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DESCRIPTIONDesign of bioreactor
2.1 Type of Product Cellulase
Cellulase is an enzyme which is used to hydrolyze cellulose. They are produced by fungi, bacteria, protozoans, plants, and animals. Cellulase enzyme is important in bioconversion of the most abundant cellulosic wastes into the simplest carbohydrate monomer, glucose.
Cellulases are the enzymes that hydrolyze -1,4 linkages in cellulose chains. They are produced by fungi, bacteria, protozoans, plants, and animals. Cellulose is a linear polysaccharide of glucose residues connected by -1,4 linkages. It is not cross-linked. Native crystalline cellulose is insoluble and occurs as fibers of densely packed, hydrogen bonded, anhydroglucose chains of 15 to 10,000 glucose units. Its density and complexity make it very resistant to hydrolysis without preliminary chemical or mechanical degradation or swelling. Cellulose is usually associated with other polysaccharides such as xylan or lignin. It is the skeletal basis of plant cell walls. Cellulose is the most abundant organic source of food, fuel and chemicals. However, its usefulness is dependent upon its hydrolysis to glucose. Acid and high temperature degradation are unsatisfactory in that the resulting sugars are decomposed; enzymatic degradation (cellulase) is the most effective means of degrading cellulose into useful components. Although cellulases are distributed throughout the biosphere, they are most prevalent in fungal and microbial sources.
Figure 2.1: Enzymatic Reaction of Cellulase
There are 3 major types of cellulose enzymes which are cellobiohydrolase (CBH), Endo--1,4-glucanase (EG) and -glucosidase (BG). Enzymes within these classifications can be separated into individual components such as microbial cellulase compositions may consist of one or more CBH components, one or more EG components and possibly BG. The complete cellulose system comprising CBH, EG and BG components synergistically act to convert crystalline cellulose to glucose. The exocellobiohydrolases and endoglucanases act together to hydrolyze cellulose to small cellooligosaccharides. The oligosaccharides (mainly cellobiose) are subsequently hydrolysed to glucose by a major BG.
Figure 2.2: Cellulase fromT. reesei
The cellulolytic system of T. reesei can be divided into three major enzyme classes: (i) exoglucanases - in the case of T. reesei cellobiohydrolases (CBHs) which liberate the D-glucose dimer cellobiose consecutively from the ends of the cellulose chain (ii) endoglucanases (EGs) randomly cut within the cellulose chain and (iii) -glucosidases release D-glucose from the soluble oligomeric breakdown products, thereby preventing cellobiose inhibition of the other enzymes.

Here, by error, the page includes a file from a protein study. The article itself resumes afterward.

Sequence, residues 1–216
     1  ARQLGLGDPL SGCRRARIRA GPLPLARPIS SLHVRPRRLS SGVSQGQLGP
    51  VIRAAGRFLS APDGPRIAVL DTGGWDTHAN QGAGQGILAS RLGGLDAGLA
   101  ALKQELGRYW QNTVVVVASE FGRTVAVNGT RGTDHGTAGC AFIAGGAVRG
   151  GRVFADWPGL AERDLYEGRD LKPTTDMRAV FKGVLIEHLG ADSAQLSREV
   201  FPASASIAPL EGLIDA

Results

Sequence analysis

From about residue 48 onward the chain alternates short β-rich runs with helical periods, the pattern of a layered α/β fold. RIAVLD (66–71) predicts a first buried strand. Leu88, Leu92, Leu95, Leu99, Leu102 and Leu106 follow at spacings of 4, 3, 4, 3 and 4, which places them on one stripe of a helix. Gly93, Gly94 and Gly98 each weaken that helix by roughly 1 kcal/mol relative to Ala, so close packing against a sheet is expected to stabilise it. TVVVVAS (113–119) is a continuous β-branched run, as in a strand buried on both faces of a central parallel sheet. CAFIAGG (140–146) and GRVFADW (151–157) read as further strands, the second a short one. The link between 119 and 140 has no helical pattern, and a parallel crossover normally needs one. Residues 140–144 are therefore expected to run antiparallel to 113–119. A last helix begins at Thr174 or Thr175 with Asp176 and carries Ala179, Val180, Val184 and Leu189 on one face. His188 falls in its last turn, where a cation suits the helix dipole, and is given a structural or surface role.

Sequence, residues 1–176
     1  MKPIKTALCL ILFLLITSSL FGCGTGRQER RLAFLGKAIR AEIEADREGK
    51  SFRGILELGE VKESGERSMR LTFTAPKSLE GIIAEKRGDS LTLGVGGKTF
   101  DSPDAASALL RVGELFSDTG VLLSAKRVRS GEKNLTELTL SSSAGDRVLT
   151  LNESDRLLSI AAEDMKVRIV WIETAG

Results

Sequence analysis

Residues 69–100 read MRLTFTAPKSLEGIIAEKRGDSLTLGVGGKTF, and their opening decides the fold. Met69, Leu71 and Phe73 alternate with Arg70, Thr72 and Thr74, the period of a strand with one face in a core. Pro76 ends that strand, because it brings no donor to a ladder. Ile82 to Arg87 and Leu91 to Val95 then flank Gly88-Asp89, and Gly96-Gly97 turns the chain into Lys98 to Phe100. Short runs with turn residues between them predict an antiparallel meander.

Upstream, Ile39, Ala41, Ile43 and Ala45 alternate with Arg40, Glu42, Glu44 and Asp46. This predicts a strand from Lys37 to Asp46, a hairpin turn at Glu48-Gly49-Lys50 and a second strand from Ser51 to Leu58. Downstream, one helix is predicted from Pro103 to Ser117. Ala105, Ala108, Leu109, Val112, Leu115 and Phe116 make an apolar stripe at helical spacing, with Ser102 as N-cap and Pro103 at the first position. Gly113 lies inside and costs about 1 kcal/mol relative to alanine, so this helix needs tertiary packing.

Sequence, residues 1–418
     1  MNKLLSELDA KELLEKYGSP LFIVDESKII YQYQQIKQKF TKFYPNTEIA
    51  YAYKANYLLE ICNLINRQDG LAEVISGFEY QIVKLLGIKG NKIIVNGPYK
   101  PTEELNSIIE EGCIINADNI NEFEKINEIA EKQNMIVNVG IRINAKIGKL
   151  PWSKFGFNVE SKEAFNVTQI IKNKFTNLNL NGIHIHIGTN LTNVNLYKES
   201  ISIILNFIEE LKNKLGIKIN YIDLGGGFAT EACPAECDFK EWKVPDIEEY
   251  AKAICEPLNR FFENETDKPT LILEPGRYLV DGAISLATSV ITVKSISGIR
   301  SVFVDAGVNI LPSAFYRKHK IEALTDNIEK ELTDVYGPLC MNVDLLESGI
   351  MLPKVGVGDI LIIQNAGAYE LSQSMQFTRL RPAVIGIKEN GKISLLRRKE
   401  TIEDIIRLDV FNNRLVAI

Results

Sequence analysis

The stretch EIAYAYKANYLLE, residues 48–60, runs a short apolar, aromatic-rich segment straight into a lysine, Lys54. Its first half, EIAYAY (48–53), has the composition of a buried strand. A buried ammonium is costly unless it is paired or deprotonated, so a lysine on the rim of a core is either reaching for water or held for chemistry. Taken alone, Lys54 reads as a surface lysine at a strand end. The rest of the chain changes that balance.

The T. reesei complex is a true cellulase in the most rigid sense, being able to convert crystalline, amorphous, and chemically derived celluloses quantitatively to glucose. It has been established that:
a) The system is multi-enzymatic b) At least three enzyme components are both physically and enzymatically distinct
c) All three components play essential roles in the overall process of converting cellulose to glucose
Cellulase enzymes are used in food, brewery and wine, animal feed, textile and laundry, pulp and paper industries, as well as in agriculture and for research purposes. Indeed, the demand for these enzymes is growing more rapidly than ever before, and this demand has become the driving force for research on cellulases and related enzymes.
Figure 2.3: Degradation of cellulose by cellulases and non-enzymatic proteins of T. reesei. Multiple members of the different types of cellulase enzymes - CBHs, EGs and -glucosidases (BGLs) - degrade the crystalline cellulose synergistically to glucose.
Figure 2.4: Schematic representations depicting the general morphology of T. reesei(top) and proposed pathways of protein synthesis and secretion (enlarged hyphal tip, below).Proteins are synthesized in the endoplasmic reticulum (ER) then travel in secretory vesicles (sv) to the Golgi for further post-translational modification. Secretory vesicles then carry the modified proteins to the hyphal tip for apical secretion, or possibly to the septa in an alternative secretory pathway.
2.2 Biological System
In the production of cellulose from T. reesei, the submerged culture was run for 6 days and the optimum condition for fermentation are temperature of 28oC and pH 3.5 (Shah Samiur Rashid et al., 2009). POME was used as sole source of carbon and nitrogen and the fermentation. The carbon course is important in synthesis of cell material, maintenance function such as turnover of cell material, osmotic work to maintain concentration gradients and cell motility. (NH4)2SO4 is added as nitrogen source for T. reesei fermentation. In reactor R-100, HCl and NaOH were added to control the pH of the medium. Besides, KH2PO4, Urea, CaCl2, MgSO4.7H2O, FeSO4.7H2O, MnSO4.H2O and CoCl2 are used to promote cell growth. In addition, microcrystalline cellulose, Difco Peptone and Tween 80 (Polyoxyethylene sorbitan molooleate) were added to the medium to induce cellulase production (Shah Samiur Rashid et al., 2009).